TYPES OF SCHOOLS IN THE STATE SECTOR
The government wants all nursery-age children to have a place in pre-school
Nursery education is provided in nursery schools and in nursery classes attached to primary schools. Northern Ireland has received extra money from the European Union Special Support Programme for Peace and Reconciliation to increase pre-school education. Eventually the government wants all nursery-age children in Northern Ireland to have a place in a pre-school.
Pupils are assessed at key stages 1 and 2 (ages eight and 11).
Admissions to secondary schools are controlled by the individual schools, which have their own criteria. The minister for education has published a list of criteria which over-subscribed schools can use to select pupils, but this is advisory and schools do not have to abide by them, they simply have to show that they have taken note of them. Although most boards run selective school entry, the Southern Education and Library Board provides a comprehensive two-tier non-selective system for secondary entry at 11 and 14 years of age.
Controlled schools are owned and funded by the Education and Library Boards although boards of governors are increasingly taking control.
The education board employs teaching and non-teaching staff but here too they are relinquishing responsibility to governors. The role of the board is to plan provisions for schools, employ teachers and meet recurrent costs. These are mainly attended by Protestant pupils and the church is represented on the board of governors.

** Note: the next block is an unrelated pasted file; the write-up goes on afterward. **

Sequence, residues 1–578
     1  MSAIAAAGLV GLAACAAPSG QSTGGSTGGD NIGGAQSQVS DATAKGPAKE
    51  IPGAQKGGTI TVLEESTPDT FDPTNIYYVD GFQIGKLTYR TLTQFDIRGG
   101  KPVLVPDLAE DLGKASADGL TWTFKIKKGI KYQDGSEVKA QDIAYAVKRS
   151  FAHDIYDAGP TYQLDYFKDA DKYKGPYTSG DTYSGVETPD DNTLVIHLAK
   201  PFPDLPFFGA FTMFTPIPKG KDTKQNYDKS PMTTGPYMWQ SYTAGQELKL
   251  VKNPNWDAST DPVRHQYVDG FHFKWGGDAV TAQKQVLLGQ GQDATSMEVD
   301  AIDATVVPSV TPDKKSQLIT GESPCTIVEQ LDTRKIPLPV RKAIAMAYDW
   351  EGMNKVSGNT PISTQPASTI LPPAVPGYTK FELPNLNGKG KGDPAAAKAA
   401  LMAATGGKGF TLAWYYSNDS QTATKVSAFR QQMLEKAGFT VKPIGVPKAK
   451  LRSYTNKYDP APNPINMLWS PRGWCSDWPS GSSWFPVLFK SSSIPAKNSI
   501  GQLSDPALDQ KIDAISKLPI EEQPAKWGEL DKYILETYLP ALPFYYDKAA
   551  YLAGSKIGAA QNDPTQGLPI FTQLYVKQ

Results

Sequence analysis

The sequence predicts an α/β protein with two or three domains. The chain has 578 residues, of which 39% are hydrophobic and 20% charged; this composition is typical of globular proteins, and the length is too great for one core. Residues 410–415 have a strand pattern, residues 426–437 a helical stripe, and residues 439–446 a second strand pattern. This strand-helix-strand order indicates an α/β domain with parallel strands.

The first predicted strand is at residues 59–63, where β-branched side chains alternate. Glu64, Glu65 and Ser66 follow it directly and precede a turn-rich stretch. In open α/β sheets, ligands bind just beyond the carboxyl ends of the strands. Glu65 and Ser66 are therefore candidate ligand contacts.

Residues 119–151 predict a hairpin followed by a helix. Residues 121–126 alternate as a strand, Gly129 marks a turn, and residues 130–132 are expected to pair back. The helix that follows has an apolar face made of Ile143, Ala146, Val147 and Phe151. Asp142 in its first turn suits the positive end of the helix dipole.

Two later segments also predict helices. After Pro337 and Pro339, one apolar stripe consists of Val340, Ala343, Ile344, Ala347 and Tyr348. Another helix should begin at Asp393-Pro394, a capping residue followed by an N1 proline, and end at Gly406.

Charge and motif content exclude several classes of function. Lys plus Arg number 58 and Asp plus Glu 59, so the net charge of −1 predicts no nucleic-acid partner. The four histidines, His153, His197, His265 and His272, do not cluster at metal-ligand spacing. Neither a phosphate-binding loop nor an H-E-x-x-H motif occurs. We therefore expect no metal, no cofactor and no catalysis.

These schools are owned by the Catholic church through a system of trustees. They are managed by a board of governors. Regular costs are met by the Education and Library Boards and they are responsible for employing non-teaching staff. Teachers are employed by the Council for Catholic Maintained Schools. But it is planned that the Education and Skills Authority will be the future employer for all school staff.
These are owned by the Protestant church through a system of trustees and they are managed by a board of governors. Regular costs are met by the Education and Library Board who also employ the non-teaching staff.
These are owned by the school trustees and are managed by a board of governors, who employ all the staff. Regular costs are funded by the Department of Education.
Grant Maintained Integrated
These are usually partially owned by trustees and managed by a board of governors who employ all staff. Regular costs are met by the Department of Education.
Under the 1986 Education and Libraries (NI) Order, Education and Library Boards have to provide education for pupils with special educational needs up to the age of 19. They can be taught in mainstream primary and secondary schools but there are also separate special units for some students.